My goals for this week are to finish a paper I presented at Kalamazoo last May for a possible book chapter in a volume on history of med. collected studies. It is due this week. I also want to finish a blog post related to this paper.

    I work full time in a clinical laboratory so I won’t be able to post until evenings.

    My blogs are Heavenfield http://hefenfelth.wordpress.com (primarily medieval history) and Contagions http://contagions.wordpress.com (primarily science and history of science).

    Michelle Ziegler

    • http://www.holly-tucker.com Holly Tucker

      Hi Michelle. You might have a look at Susan Rabiner’s Thinking Like Your Editor when it comes to proposals. Lots of great food for thought. Looking forward to hearing how the papers turns out this week!

  • Adrienne Mayor

    My goal this week is to finish two sections about ancient Amazons. I hope to be able to condense down to the bedrock of what I want to say, why it needs to be said, and how I plan to proceed. The second section dispels popular and scholarly myths about women warriors, but without boring readers or offending specialists. And that entails trying to walk that tightrope between overestimating and underestimating one’s audience. 

    • http://www.holly-tucker.com Holly Tucker

      Amazons! Whohoo!

      By the way, one of my history of medicine students did a presentation today on her semester-long research on early-modern poisons. She opened her talk by mentioning your book, The Poison King. She said it inspired her to learn as much as she could about the legacy of Mithidrates.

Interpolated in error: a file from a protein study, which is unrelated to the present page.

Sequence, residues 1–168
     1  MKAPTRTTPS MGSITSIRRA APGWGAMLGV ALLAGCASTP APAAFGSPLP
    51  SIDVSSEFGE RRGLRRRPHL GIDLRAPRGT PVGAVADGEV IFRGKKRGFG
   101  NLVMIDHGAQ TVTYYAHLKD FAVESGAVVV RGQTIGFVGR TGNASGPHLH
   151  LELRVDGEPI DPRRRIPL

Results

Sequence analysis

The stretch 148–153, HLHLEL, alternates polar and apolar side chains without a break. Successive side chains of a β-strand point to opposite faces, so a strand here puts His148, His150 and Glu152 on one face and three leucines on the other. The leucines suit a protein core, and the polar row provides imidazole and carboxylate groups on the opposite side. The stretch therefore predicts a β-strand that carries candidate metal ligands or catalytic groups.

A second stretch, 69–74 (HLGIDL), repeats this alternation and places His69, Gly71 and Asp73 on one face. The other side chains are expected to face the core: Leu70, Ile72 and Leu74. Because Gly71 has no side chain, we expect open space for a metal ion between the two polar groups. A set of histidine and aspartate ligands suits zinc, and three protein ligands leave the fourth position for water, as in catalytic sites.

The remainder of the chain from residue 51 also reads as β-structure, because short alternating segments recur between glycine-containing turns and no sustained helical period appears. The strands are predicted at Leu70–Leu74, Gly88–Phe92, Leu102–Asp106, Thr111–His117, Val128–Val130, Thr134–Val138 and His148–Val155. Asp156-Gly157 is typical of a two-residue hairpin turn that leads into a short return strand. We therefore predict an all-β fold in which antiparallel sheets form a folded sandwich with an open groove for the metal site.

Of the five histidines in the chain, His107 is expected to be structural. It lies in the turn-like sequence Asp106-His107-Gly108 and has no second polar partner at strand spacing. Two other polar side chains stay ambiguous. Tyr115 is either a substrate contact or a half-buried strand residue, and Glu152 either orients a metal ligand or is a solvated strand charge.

Also can’t wait for your next post on Wonders & Marvels. Loved the last one: http://www.wondersandmarvels.com/?s=adrienne+mayor

  • Jessica Brockmole

    Can we still pretend it’s Monday?  Because I can really use a little accountability motivation.

    I’d really love to hit my 30k mark on my WIP by the end of the week.  That’s about 4k away.  I always feel a little more relaxed once I pass 30k.  By that point, I’m usually deep enough into the story that I won’t get frustrated and set it aside.

    • http://www.holly-tucker.com Holly Tucker

      800 words a day. That’s just under 3 pages. You can do it!

  • http://esmeraldamac.wordpress.com/ Diane McIlmoyle

    Thanks for the recommendations – I’ve ordered one of those books. Great blog, btw :)